British woman-led technology consultancy expands US footprint

01 June 2018 4 min. read
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Gibbs Hybrid, a UK-based technology consultancy, is expanding its client offering to North America. As women at many UK firms are still struggling to break the infamous ‘glass ceiling’, the consulting firm differentiates itself from competitors via its status as a woman-owned and minority certified business.

A recent report into company governance across the UK’s largest companies provoked further debate, revealing that they continue to drag their feet when it comes to practical implementation of diversity policy. Only 14% of FTSE 250 companies were able to say that more than a third of their directors were female, while reporting on diversity among these companies also declined in recent years. In 2014, 30% of FTSE 250 companies worked to outline company diversity in detail, compared to 11.2% last year.

While some companies have made efforts to change this – with notable exceptions such as consulting firm Brickendon announcing 50% of its senior management will be female by the end of next year – the UK’s reputation for tackling gender equality has fallen behind that of other nations in the annual Women In Work benchmark by Big Four firm PwC. One firm which prides itself on bucking this trend is British-based technology consultancy Gibbs Hybrid, a rapidly growing consultancy which has seen revenues break the $100 million mark after 12 years in business.

British woman-led technology consultancy expands US footprint

Launched in 2005, by namesake and former EY Entrepreneur of the Year, Farida Gibbs, the firm specialises in management, program technology solutions, and outsourcing services, but what sets it apart from its competitors is that Gibbs Hybrid is woman owned and ethnic minority certified. The diversified model of the firm sees it looking to leverage an assortment of reports which suggest that greater inclusion in business leads to improved results – data which Gibbs Hybrid seems to be wielding extremely effectively. Having recently launched in Ireland, Poland and Luxembourg, the firm now has its sights set on the world’s largest consulting market in North America.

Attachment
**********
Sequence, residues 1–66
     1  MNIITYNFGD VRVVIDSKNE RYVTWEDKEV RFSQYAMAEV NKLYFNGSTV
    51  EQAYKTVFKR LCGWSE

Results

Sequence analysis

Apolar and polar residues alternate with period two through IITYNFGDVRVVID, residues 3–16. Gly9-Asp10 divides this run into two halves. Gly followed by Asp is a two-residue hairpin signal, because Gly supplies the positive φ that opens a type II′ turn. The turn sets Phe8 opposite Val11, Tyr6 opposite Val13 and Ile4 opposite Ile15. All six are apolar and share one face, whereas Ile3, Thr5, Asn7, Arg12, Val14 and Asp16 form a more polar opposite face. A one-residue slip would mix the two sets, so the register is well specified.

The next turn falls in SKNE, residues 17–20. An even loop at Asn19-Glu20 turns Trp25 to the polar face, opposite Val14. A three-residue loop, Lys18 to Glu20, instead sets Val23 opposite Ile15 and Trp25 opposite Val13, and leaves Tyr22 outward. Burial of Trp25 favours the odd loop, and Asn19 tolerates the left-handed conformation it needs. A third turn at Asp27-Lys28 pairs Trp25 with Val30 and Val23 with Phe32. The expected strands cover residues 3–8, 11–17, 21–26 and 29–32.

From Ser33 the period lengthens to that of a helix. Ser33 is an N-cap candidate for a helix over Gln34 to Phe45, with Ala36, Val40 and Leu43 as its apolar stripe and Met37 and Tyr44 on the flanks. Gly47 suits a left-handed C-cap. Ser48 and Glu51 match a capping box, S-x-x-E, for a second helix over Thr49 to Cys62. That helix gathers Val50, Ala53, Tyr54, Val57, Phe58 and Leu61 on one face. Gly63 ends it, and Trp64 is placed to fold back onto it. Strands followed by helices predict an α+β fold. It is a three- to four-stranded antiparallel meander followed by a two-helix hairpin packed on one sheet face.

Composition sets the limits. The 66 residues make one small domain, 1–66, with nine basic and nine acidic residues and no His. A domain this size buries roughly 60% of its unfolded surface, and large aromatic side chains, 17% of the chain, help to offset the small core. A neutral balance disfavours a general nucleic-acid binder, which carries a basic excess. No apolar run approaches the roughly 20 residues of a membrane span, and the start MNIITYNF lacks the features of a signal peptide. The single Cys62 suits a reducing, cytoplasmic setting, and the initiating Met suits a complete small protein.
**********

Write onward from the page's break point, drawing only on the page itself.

Farida Gibbs – who is also the firm’s CEO – is now targeting an annual revenue of $50 million within two years from the US and Canadian markets. Citing the Brexit vote as a potential driving force for greater levels of potential collaboration between US and UK businesses, the firm is aiming to seize on opportunities created by the geopolitical uncertainties present in both nations since 2016. As tariffs stand to tighten and trade relations with many of the US’ own trading partners threaten to cool, many businesses on both sides of the Atlantic are hoping for a freer flow of trade between the two nations, according to Gibbs.

The firm’s unique model may also help mark it out from the crowded US market. According to research from Accenture – which is itself targeting gender equality by 2025 – women are less likely to work than men (50% vs. 76%) – as well as being less likely to occupy the upper ranks of management – which contributes to the ‘invisible pay gap’ which again exacerbates the economic inequality between men and women. Employing more than 600 staff and consultants internationally, Gibbs Hybrid is a certified WBE (woman-owned business) and EMB (ethnic-minority owned business)

In a statement announcing the cross-continental expansion of the firm, Gibbs herself referred to the IFS Digital Change Survey which found that North American companies consider ‘aversion to change’ and ‘security threats/concerns’ to be the major obstacles to digital transformation. Gibbs Hybrid, she said, specialises in removing such barriers.

“The timing of this expansion could not be better,” said Gibbs. She added, “There is a huge growth opportunity for Gibbs Hybrid in North America, as our three pillar model enables companies to address their key concerns when it comes to digitally transforming. This can be anything from improving operational efficiencies, compliance with legislation and battling against evolving security concerns.”